Joint statement: Renewable Gas in the Recast of the Renewable Energy Directive: A (Hidden) Opportunity?

Brussels, 13 June 2017

This statement is a brief response to the Renewable Energy Directive (RED II), and embodies the views of nine European associations representing producers, suppliers, transporters and distributors of gaseous energy coming from natural and renewable sources. We bring together a broad base of local, regional, national, and international actors promoting and raising awareness about the potential that renewable gas can offer Europeans in terms of clean, efficient, safe and sustainable energy.

Renewable gas comes in the form of biogas, biomethane, green hydrogen, and synthetic methane (syngas). These are produced from a wide spectrum of sources such as municipal waste, landfills, sewage treatment plants, agricultural residues or manure. Moreover, renewable gas can store otherwise curtailed electricity by converting ‘surplus green electricity’ into hydrogen or syngas (by recycling waste carbon) via a power-to-gas (P2G) process. Hydrogen, biomethane and syngas are gaseous energy carriers for use in mobility, heat & industrial applications, acting as enablers for sectoral integration. Each of these vectors are innovative and carry significant potential in terms of the technical processes underpinning each of them, whether it be anaerobic digestion, gasification, methanation, or P2G.

Three key attributes characterise gas: first, it is storable. This is essential for the energy system and its ability to continue to cope with huge daily and seasonal fluctuations in demand, which is increasingly important as we move toward higher shares of variable electricity production. This makes an invaluable contribution to enabling system balancing and optimisation. Secondly, the infrastructure to transport and distribute gas is available. 2.2 million km of pipelines are already in place to transport gases from various sources, with limited need for adaptation. Finally, it is increasingly renewable. The last few years have seen exponential growth in the amount of renewable gas in the existing network, and the potential even exceeds the total capacity of our electricity system.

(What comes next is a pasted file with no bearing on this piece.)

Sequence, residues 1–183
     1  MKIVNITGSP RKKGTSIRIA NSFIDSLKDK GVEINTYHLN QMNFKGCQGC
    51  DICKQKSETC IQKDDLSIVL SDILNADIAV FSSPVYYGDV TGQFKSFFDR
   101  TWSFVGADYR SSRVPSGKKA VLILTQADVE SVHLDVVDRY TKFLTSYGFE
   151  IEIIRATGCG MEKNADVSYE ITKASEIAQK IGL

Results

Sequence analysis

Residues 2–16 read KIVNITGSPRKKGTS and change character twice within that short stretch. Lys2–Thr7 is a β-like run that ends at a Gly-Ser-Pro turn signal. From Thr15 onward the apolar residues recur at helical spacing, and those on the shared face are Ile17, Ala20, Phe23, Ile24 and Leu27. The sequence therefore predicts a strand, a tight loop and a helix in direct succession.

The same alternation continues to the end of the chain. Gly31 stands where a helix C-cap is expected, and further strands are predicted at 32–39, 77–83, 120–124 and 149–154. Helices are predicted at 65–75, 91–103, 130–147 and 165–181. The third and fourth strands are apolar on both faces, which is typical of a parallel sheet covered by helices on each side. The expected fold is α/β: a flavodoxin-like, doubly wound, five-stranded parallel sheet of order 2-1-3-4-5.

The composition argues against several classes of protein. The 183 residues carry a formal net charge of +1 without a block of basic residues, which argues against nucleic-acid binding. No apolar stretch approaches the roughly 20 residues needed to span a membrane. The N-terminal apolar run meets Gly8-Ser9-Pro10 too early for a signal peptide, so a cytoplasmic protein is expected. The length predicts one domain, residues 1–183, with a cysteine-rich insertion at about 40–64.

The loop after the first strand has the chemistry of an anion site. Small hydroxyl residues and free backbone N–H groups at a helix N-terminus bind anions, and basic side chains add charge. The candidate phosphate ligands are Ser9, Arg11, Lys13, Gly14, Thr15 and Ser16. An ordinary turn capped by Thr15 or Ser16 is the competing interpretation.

The Renewable Energy Directive Recast

The recast of the RED II has taken a step forward in recognising the potential for renewable gas in a renewable energy system. We would like to highlight a few of these points of recognition, underscore the need for some additional adaptations, and seek to encourage further exploration of how policy may facilitate renewable gas deployment.

Article 2 – Definitions

Inclusion of biogas in the definitions is welcomed. However, renewable gases from many technologies and sources are in constant evolution, and the definition should remain updated, and adequately open in view of future advances.

There is also a need to acknowledge the integrating nature of renewable gas, through ’sectoral integration’. Silo thinking needs to be avoided in energy system planning, and defining integration in this respect would be helpful. Sectoral integration lies in a holistic system approach which strives to link infrastructures and services in the electricity, gas, heating & cooling and transport sectors, where the use and conversion of all energy carriers plays a key role.

Article 19 – Guarantees of Origin

The inclusion of renewable gas in Article 19 on Guarantees of Origin (GO) is beneficial for securing transparency for renewable gas consumers, and should facilitate cross-border trade of renewable gas. As such, this is a welcome move in the right direction. However, further exploration of how GO transfers could further be developed is encouraged. In particular, producers willing to go beyond minimum requirements for sustainability under the renewables directive should be encouraged to do so. Therefore, in order to raise awareness and reinforce visibility, GOs should allow for the inclusion of additional optional information including GHG savings, the type of feedstock used and other benefits towards a circular economy such as nutrient recycling. Furthermore, as described above, enabling green hydrogen to play a role in the further decarbonisation of different sectors needs to be encouraged and thus should also be listed.